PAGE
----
The power of anti-cancer therapies is often compromised by the fact that targeted cells, processes and/or molecules can display a combination of oncogenic and tumor-suppressive effects. Our work has unravelled a similar double face for Matriptase 1, also named ST14, a type II transmembrane serine protease, and its downstream mediators epidermal growth factor receptor (EGFR) and phospholipase D (PLD). In zebrafish embryos lacking the cognate ST14 inhibitor Hai1, the hyper-stimulated ST14 – EGFR – PLD pathway promotes both mTORC1-mediated epidermal hyperplasia (oncogenic) and sphingosine-1-phosphate (S1P)-mediated epidermal cell loss (tumor-suppressive). The latter involves entosis of preneoplastic basal keratinocytes by neighboring surface keratinocytes and the subsequent apical extrusion of these cell complexes. Accordingly, combined treatment with the PLD inhibitor FIPI to block the shared signalling pathway and S1P to specifically reactivate the tumor-suppressive branch leads to a perfect rescue and survival of otherwise lethal zebrafish hai1 null mutants. This treatment regime needs to be tested in mammalian carcinoma systems. In addition, the epigenetic basis of the heterogeneity among basal keratinocytes of zebrafish hai1 mutants, and the genetic control of the cell competition, entosis and apical cell extrusion processes leading to the preferential extrusion of preneoplastic basal cells need to be further dissected and characterized.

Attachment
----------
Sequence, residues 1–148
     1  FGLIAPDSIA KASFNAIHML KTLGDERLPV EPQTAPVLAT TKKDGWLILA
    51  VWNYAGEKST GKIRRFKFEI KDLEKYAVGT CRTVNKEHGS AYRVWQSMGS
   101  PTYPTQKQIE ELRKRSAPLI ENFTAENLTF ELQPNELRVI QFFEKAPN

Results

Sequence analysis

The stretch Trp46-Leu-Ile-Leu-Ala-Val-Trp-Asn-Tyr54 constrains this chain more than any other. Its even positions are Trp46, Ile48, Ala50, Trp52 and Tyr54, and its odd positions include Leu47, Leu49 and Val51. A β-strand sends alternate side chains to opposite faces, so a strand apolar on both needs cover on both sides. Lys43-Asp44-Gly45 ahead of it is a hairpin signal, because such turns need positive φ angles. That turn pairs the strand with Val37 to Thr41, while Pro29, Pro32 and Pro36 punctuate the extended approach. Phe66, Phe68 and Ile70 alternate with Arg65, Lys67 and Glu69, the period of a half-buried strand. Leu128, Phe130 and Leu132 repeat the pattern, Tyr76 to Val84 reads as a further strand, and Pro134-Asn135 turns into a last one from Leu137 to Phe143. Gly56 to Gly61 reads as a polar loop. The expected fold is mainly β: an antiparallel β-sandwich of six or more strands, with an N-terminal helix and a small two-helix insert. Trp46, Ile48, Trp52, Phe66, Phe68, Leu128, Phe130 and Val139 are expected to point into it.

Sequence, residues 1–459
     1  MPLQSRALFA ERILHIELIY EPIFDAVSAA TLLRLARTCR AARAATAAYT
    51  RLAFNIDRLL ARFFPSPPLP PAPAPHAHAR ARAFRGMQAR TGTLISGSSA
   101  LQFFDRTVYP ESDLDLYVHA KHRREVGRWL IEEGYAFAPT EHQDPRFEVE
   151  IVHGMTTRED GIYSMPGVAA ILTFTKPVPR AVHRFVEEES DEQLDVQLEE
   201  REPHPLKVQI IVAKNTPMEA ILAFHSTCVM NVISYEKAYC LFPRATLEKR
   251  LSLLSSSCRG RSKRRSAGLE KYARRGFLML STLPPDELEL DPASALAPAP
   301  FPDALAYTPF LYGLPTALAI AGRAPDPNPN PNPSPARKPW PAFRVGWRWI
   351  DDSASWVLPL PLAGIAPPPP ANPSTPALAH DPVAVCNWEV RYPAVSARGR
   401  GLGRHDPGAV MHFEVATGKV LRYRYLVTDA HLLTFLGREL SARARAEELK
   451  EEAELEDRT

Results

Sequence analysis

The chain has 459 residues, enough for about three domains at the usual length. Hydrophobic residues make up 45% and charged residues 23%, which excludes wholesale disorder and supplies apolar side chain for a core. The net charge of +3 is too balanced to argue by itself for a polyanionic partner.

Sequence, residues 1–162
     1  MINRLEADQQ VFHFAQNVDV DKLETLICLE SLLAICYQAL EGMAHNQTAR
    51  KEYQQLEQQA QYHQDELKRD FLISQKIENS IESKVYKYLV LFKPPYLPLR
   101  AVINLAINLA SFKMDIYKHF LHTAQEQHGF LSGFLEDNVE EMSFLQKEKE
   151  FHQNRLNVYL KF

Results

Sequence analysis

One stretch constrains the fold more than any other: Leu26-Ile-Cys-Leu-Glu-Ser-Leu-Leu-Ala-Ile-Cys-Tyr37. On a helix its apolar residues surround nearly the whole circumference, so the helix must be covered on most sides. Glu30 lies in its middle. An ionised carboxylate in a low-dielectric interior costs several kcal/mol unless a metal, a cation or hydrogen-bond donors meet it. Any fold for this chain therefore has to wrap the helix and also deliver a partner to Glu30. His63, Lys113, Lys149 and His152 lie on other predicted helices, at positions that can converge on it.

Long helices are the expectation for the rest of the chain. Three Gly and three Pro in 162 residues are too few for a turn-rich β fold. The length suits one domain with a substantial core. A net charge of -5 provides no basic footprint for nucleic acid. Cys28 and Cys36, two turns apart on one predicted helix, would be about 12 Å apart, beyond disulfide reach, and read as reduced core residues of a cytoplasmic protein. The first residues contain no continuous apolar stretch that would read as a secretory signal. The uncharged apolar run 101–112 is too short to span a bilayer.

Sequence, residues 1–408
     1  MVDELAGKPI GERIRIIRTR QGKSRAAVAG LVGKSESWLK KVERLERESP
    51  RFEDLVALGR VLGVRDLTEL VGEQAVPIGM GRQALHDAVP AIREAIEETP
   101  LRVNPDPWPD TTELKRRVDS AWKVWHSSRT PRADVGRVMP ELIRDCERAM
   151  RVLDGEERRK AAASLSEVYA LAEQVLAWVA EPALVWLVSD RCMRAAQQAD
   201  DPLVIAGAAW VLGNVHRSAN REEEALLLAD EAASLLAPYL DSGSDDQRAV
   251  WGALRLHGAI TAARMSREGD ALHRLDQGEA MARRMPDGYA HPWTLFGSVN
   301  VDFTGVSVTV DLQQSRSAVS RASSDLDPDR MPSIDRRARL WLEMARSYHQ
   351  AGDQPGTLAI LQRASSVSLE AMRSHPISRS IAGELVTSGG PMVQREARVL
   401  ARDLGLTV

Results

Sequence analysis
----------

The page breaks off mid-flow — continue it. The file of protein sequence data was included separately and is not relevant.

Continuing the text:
ST14 (Suppression of Tumorigenicity-14) is an epithelia-specific cell surface-associated protease that reshapes its microenvironment by degrading ECM proteins, while cleaving and activating signaling molecules like growth factors and their receptors. This pericellular proteolysis is crucial for multiple processes of epithelial development, homeostasis and regeneration. Pericellular proteolysis is also critically involved in tumor growth and invasiveness, and upregulation of ST14 has been implicated in a variety of epithelial cancers, while on the other hand, tumor-suppressive functions of ST14 have been revealed (Tanabe and List, 2017). About a dozen ST14 target proteins have been identified and characterized, mainly using in vitro systems. However, the in vivo relevance of identified targets, in particular in the context of carcinogenesis, remains largely elusive, although better knowledge would greatly facilitate the development of targeted anti-carcinogenic therapies.
We have identified zebrafish mutants in the ST14 inhibitor Hai1, which due to increased ST14 activity display compromised epithelial integrity of the embryonic epidermis, keratinocyte hyper-proliferation (Carney et al., 2007; Figure 1E-I) and partial basement membrane degradation, signs of early stage carcinogenesis. However, keratinocytes usually do not invade the underlying dermis, but are extruded apically, which has a tumor-suppressive effect (Figure 1A-D), possibly underlying the progressive healing of the skin defects of hypomorphic hai1 mutants. In contrast, basal keratinocytes of zebrafish pso mutants in ATP1b1a, a Na/K-ATPase β-subunit, display stronger ST14-dependent epidermal malignancy, with basal keratinocytes leaving basally and undergoing metastasis (Hatzold et al., 2016 and unpublished results, Figure 2).